HARTFORD, Conn. (WTNH) — Sandra Slack Glover withdrew Friday as Democratic Gov. Ned Lamont’s nominee for the state Supreme Court, just days after she faced pushback from lawmakers about her support of Amy Coney Barrett.

The governor said Glover notified him of her decision Friday.

“Attorney Sandra Slack Glover would have been an extraordinary justice of the Connecticut Supreme Court,” Lamont wrote in a statement. “I stand by that, and I stand by her as a lawyer of experience, character, and compassion, while respecting her decision today to withdraw from consideration.”

Glover, a federal prosecutor from Guilford, told state lawmakers during her confirmation hearing before the legislature’s Judiciary Committee on Monday that she would not have signed a 2017 letter supporting Barrett for a federal appeals court position if she knew Barrett would later vote to overturn Roe v. Wade abortion protections as a member of the U.S. Supreme Court.

Several members of the Democratic majority expressed concerns about her support of Barrett. The committee held off voting on Glover’s nomination Monday evening, citing the late hour.

During Monday’s hearing, Glover had said she wasn’t “going to demonize” Barrett, “but when I look at that letter now … I’m no longer comfortable with some of those statements.

“But I also believed, clearly naively at this point, I thought there were guardrails,” she said, referring to judges’ respect for legal precedents. “And I thought the lower court judges were constrained. I thought the Supreme Court was constrained. And I was wrong. And looking back and knowing what I now know, I shouldn’t have signed it.”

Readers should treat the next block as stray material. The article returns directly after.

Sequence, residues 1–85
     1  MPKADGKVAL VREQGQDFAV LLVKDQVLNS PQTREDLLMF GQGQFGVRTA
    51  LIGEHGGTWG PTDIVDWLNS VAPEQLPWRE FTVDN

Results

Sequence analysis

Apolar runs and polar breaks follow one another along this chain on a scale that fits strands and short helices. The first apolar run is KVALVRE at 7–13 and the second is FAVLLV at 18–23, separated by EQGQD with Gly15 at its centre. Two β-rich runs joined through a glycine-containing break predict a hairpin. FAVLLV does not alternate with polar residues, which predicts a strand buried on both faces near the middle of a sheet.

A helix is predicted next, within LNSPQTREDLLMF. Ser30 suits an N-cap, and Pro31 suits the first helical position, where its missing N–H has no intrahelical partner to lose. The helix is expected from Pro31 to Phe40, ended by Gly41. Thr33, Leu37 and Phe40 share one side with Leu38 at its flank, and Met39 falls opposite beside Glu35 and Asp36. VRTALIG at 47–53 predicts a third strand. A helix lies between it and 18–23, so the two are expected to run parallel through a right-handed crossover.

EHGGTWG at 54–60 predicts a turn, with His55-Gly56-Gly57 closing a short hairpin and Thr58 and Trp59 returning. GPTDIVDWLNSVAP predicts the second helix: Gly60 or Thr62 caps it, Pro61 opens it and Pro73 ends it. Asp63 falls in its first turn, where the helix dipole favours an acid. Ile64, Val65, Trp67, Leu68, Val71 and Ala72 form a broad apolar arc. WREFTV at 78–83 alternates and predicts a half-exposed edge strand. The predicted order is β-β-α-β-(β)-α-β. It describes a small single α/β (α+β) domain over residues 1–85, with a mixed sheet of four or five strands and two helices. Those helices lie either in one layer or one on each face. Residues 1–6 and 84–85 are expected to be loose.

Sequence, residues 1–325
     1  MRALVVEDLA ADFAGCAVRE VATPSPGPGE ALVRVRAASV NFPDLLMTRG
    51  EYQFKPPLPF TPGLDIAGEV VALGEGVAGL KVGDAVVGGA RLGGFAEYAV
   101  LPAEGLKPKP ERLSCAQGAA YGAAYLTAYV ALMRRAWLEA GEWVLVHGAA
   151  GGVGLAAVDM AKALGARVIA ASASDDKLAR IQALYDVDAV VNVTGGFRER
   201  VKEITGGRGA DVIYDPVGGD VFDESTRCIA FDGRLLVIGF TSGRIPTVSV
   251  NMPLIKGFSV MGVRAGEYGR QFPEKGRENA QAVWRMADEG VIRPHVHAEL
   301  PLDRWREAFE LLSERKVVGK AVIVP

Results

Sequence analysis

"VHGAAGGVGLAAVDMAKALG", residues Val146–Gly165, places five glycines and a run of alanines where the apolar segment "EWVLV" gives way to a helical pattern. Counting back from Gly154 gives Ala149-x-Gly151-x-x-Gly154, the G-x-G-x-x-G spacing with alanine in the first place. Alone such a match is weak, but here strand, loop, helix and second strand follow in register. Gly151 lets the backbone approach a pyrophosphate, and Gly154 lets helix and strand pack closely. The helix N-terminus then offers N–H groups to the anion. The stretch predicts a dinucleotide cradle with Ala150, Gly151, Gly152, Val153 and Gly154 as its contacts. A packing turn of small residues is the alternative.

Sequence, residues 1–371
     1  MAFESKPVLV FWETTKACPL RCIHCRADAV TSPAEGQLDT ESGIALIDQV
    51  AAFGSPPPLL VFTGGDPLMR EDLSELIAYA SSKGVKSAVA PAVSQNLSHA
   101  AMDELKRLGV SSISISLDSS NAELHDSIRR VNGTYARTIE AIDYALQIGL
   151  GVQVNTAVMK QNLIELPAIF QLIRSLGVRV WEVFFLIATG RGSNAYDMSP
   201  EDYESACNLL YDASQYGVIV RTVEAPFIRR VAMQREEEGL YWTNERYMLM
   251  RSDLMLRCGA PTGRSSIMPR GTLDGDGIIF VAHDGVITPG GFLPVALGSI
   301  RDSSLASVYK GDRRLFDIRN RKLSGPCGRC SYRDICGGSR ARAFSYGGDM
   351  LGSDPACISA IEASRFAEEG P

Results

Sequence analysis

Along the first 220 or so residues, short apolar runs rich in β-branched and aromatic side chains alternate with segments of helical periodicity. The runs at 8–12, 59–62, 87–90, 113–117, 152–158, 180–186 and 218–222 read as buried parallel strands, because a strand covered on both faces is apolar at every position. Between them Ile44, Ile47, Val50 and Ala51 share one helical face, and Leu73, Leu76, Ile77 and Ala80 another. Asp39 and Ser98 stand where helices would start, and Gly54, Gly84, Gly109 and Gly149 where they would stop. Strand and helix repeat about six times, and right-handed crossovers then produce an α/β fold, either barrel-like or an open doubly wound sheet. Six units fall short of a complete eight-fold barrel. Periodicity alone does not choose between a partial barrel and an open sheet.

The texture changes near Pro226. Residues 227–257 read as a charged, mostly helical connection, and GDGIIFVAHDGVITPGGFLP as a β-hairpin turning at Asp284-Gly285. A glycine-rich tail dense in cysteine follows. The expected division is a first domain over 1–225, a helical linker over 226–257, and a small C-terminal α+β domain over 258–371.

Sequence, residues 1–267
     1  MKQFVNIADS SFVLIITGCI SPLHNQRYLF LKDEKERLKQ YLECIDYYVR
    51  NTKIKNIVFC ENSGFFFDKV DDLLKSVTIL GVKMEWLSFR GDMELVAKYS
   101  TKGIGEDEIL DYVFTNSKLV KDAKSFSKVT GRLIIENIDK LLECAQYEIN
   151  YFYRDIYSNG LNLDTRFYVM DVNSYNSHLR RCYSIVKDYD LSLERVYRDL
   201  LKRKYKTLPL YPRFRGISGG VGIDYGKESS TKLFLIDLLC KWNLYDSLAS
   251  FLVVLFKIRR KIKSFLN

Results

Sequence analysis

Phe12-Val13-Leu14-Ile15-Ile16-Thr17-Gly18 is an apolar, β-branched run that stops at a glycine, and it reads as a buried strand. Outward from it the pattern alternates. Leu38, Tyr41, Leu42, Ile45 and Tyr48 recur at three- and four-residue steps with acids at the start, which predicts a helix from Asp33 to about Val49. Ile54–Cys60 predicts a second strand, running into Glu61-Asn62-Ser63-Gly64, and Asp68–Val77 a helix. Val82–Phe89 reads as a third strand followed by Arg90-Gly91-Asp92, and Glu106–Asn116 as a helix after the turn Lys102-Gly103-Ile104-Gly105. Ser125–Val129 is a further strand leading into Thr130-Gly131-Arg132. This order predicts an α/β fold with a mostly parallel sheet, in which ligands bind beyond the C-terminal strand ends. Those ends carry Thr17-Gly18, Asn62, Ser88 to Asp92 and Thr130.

Glover, 52, added she was a firm supporter of abortion rights from the perspectives of both a woman and a lawyer.

She is chief of the appellate unit at the Connecticut U.S. attorney’s office, where she has worked since 2004. She previously served as an appellate attorney at the U.S. Department of Justice and in private practice.

“Her career in public service and her dedication to the rule of law speak for themselves,” Lamont said. “She did a terrific job during her seven-hour public hearing and had substantive and positive meetings with legislative leaders from both parties. From beginning to end, she showed her talent, demonstrated her keen legal mind, and let people know she shares Connecticut’s values.”

Lamont said he would consider “other accomplished candidates” in the coming months who share his “values and are dedicated to the principles of justice, equality, and fairness under the law.”

The Associated Press contributed to this report.